Man's Quotes (displaying: 1 - 30 of 4405 quotes )
Man’s own youth is the world’s youth; at least, he feels as if it were, and imagines that the earth’s granite substance is something not yet hardened, and which he can mould into whatever shape he likes. So it was with Holgrave. He could talk sagely about the world’s old age, but never actually believed what he said; he was a young man still, and therefore looked upon the world—that graybearded and wrinkled profligate, decrepit, without being venerable—as a tender stripling, capable of being improved into all that it ought to be, but scarcely yet had shown the remotest promise of becoming. He had that sense, or inward prophecy, —which a young man had better never have been born than not to have, and a mature man had better die at once than utterly to relinquish,—that we are not doomed to creep on forever in the old bad way, but that, this very now, there are the harbingers abroad of a golden era, to be accomplished in his own lifetime.
Man is a fallen star till he is right with heaven: he is out of order with himself and all around him till he occupies his true place in relation to God. When he serves God, he has reached that point where he doth serve himself best, and enjoys himself most. It is man's honour, it is man's joy, it is man's heaven, to live unto God.
Man depends on God for all things: God depends on man for one. Without man's love God does not exist as God, only as creator, and love is the one thing no one, not even God himself, can command. It is a free gift or it is nothing. And it is most itself, most free, when it is offered in spite of suffering, of injustice, and of death . . . The justification of the injustice of the universe is not our blind acceptance of God's inexplicable will, nor our trust in God's love, his dark and incomprehensible love, for us, but our human love, notwithstanding anything, for him.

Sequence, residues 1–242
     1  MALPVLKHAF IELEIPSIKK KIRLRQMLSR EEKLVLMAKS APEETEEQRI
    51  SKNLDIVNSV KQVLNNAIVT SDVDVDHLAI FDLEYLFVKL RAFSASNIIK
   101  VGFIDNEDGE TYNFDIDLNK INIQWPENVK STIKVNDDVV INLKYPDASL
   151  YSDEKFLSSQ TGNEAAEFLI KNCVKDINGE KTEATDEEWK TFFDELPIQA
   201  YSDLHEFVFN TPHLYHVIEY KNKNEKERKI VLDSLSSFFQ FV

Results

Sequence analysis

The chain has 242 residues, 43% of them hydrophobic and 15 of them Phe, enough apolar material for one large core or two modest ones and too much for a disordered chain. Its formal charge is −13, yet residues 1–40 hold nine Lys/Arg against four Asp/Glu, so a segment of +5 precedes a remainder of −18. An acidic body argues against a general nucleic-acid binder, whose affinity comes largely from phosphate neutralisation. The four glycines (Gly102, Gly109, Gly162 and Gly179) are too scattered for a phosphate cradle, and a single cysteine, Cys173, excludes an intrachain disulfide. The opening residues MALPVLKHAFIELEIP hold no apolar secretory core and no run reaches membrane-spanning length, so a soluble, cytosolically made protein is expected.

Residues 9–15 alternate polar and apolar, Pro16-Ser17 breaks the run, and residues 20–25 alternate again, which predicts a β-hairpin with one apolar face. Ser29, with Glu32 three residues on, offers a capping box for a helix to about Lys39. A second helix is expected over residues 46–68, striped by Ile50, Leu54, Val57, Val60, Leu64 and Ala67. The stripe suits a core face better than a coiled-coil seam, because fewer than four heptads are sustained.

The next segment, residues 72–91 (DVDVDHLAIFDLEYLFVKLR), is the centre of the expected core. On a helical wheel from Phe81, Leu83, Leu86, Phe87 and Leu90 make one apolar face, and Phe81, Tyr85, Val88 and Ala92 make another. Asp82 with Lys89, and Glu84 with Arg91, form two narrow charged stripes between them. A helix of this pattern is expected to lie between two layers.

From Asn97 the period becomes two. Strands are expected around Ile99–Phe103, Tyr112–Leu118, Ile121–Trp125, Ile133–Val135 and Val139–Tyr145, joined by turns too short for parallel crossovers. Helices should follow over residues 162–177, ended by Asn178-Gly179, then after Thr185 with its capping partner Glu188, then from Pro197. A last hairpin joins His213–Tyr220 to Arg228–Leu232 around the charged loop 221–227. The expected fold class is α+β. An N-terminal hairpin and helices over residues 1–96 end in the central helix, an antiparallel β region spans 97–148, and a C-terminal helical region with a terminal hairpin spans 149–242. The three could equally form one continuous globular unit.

Man has no individual i. But there are, instead, hundreds and thousands of separate small "i"s, very often entirely unknown to one another, never coming into contact, or, on the contrary, hostile to each other, mutually exclusive and incompatible. Each minute, each moment, man is saying or thinking, "i". And each time his i is different. just now it was a thought, now it is a desire, now a sensation, now another thought, and so on, endlessly. Man is a plurality. Man's name is legion.
Man has been here 32,000 years. That it took a hundred million years to prepare the world for him is proof that that is what it was done for. I suppose it is. I dunno. If the Eiffel tower were now representing the world's age, the skin of paint on the pinnacle-knob at its summit would represent man's share of that age; and anybody would perceive that that skin what what the tower was built for. I reckon they would, I dunno.
Man's inhumanity to man is as old as humanity itself. Some people just do evil things. Most do not. A billion people have seen 'Batman' movies over the past 20 years, and they have been entertained and inspired. One man saw it as a sick entry point for mass murder. The one is tragic. The billion are not. I choose to write for the billion.
Man’s world is manifold, and his attitudes are manifold. What is manifold is often frightening because it is not neat and simple. Men prefer to forget how many possibilities are open to them. They like to be told that there are two worlds and two ways. This is comforting because it is so tidy. Almost always one way turns out to be common and the other is celebrated as superior. Those who tell of two ways and praise one are recognised as prophets or great teachers. They save men from confusion and hard choices. They offer a single choice that is easy to make because those who do not take the path that is commended to them live a wretched life. To walk on this path may be difficult, but the choice is easy, and to hear the celebration of the path is pleasant. Wisdom offers simple schemes, but truth is not so simple.